That history, said one tribal educator, makes the new BIE plan for overhauling itself highly suspect among tribes.
“How we see this plan is simple. The bureau is asking for more money and more staff to continue doing nothing,” said Christopher G. Bordeaux, the executive director of the Oceti Sakowin Education Consortium, a group of tribal schools on the Pine Ridge reservation and other reservations in South Dakota. “For years, we’ve asked the bureau for help, but we never get it. We figure out how to do this stuff on our own. The bureau really has no idea what tribal schools are all about, and they’ve not taken the time to ever listen and learn how to help us, and then they turn around and point to us and say the schools are failing.”
Under the reorganization plan, the BIE would evolve into an “agile organization” that would focus on supporting school improvement efforts in tribal communities by funding and providing professional development to tribal educators; scaling up recruitment and retention programs to attract talented teachers and school leaders to the often-remote schools; and building and upgrading school facilities, including grossly outdated technology infrastructures in many schools. The plan also calls for developing a single accountability system for BIE schools. Currently, federal law requires BIE schools to adhere to the accountability systems of the 23 states in which they are located, making meaningful comparisons impossible.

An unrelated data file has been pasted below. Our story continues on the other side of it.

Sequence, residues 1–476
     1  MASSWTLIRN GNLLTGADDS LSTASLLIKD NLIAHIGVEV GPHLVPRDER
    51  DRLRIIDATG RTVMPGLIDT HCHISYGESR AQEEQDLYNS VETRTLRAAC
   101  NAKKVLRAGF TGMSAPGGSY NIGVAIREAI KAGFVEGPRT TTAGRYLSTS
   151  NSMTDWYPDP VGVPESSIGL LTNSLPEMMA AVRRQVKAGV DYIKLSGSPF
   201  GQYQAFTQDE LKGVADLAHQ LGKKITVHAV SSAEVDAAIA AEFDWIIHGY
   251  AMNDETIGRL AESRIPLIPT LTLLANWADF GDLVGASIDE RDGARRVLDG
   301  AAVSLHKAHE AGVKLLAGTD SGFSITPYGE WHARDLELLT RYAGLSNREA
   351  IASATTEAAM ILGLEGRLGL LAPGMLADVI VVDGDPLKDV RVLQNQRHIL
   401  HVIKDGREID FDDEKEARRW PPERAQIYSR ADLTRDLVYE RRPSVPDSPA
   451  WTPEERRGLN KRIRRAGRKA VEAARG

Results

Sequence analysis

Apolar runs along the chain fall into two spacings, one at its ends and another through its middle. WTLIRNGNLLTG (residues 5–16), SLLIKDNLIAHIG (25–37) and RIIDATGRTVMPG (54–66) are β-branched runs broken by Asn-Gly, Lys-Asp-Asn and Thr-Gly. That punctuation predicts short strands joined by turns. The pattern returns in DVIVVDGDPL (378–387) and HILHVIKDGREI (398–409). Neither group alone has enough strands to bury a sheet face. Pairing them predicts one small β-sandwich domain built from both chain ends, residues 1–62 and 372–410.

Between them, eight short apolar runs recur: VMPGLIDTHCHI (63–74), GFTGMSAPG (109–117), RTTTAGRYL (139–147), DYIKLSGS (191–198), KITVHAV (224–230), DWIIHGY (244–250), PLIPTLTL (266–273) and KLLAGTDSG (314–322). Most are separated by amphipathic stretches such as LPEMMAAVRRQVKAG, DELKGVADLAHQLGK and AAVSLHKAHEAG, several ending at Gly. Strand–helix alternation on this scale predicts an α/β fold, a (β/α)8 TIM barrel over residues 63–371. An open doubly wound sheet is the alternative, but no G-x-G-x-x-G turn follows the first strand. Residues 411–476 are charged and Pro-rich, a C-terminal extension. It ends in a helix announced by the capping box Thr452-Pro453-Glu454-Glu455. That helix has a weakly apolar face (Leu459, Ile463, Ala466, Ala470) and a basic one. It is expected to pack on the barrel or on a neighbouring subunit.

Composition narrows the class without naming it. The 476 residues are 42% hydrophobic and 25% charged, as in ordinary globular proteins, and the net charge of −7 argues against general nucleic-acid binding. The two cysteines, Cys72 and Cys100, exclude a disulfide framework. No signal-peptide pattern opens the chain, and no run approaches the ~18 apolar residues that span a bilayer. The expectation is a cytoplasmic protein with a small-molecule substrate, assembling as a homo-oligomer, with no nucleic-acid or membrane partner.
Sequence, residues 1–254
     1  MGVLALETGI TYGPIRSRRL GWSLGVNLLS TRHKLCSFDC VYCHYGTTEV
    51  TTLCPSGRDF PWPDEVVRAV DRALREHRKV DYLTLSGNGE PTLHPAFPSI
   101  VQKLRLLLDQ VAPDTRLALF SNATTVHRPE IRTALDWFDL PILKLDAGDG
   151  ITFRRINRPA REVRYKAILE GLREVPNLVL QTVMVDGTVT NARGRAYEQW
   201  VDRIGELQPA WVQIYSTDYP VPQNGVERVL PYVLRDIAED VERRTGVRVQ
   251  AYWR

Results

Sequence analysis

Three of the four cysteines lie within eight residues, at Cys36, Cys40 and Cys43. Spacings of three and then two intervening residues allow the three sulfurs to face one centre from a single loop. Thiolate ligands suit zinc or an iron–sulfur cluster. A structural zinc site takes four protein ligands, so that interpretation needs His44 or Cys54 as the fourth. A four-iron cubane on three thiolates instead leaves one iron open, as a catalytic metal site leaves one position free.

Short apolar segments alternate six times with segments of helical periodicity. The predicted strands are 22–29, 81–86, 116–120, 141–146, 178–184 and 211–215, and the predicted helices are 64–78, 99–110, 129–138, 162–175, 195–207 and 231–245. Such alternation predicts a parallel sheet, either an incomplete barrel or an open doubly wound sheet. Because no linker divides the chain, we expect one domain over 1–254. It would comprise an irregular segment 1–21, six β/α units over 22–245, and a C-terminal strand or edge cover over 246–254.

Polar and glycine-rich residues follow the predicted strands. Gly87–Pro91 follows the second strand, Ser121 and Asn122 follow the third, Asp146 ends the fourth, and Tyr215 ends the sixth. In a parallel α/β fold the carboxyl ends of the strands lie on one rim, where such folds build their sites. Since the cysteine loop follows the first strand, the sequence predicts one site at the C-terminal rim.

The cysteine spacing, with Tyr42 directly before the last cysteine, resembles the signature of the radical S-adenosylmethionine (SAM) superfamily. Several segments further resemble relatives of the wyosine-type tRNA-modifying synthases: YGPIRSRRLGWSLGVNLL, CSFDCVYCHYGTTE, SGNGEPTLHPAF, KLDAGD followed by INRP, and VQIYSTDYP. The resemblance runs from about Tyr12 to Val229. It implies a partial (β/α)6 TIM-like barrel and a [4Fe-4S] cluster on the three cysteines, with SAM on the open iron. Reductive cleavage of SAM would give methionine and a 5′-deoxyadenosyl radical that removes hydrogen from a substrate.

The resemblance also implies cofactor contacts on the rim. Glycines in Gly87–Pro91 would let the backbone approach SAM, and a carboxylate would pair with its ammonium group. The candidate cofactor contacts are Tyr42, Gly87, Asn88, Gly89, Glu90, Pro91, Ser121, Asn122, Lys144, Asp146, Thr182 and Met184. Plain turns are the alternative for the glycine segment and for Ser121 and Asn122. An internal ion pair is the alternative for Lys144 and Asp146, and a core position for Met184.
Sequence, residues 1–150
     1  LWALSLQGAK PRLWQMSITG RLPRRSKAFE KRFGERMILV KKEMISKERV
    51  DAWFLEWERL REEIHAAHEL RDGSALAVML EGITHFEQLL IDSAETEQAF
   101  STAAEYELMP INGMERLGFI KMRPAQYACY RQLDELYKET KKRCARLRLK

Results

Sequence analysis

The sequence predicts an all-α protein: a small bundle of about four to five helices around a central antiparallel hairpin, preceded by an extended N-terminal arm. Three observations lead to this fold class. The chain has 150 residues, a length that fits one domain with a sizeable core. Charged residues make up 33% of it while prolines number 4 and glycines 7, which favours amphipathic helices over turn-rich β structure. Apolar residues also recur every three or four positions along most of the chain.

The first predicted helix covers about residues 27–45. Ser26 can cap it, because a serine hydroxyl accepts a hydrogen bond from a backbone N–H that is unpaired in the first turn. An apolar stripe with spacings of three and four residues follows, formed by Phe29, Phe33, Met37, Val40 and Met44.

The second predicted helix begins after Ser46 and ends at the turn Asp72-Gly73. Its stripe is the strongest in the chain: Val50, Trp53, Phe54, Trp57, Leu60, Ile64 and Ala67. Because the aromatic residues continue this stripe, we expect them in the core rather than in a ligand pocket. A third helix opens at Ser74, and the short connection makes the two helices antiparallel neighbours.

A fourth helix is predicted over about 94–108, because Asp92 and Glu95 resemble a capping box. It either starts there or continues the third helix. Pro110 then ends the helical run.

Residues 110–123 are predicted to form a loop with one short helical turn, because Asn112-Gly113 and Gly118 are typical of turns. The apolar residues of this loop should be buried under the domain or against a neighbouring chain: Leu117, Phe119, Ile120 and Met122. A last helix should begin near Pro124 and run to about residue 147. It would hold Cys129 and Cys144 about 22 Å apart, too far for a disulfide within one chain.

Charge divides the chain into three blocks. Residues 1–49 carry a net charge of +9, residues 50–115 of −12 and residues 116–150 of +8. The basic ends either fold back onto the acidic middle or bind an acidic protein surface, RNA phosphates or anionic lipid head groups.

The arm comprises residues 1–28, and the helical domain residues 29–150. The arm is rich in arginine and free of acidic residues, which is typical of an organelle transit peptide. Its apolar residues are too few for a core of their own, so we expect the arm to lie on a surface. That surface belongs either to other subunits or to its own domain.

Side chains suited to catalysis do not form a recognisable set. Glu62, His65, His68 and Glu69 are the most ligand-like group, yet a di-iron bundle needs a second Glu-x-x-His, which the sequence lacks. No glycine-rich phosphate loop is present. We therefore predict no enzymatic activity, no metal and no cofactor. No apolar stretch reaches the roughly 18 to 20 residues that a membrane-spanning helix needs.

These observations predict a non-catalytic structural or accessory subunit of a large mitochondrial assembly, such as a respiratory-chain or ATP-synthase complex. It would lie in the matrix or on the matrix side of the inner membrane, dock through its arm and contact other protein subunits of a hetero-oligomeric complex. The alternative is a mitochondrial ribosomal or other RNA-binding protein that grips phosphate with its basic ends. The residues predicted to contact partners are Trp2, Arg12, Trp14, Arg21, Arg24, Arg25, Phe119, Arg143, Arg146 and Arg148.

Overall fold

On most measures of educational success, Native American students trail every other racial and ethnic subgroup of students. To explore the reasons why, Education Week sent a writer, a photographer, and a videographer to American Indian reservations in South Dakota and California earlier this fall. Their work is featured in a special package of articles, photographs, multimedia, and Commentary.
The study group’s proposal looks to another set of schools that are also federally run—those operated by the U.S. Department of Defense for the children of active military personnel—as a model for BIE to emulate on how to improve school facilities and student achievement.
The plan also argues that the Tribally Controlled Schools Act “should be made more conducive to reform” so that the BIE can attach conditions to the schools that it funds. For example, the plan calls for requiring the schools that it funds to adopt performance-based evaluation systems that include student achievement results and policies that make it easier to remove underperforming employees. It recommends that BIE launch a pilot of performance-based evaluations this fall in some of the schools it directly operates and expand those into tribally controlled schools in the near future.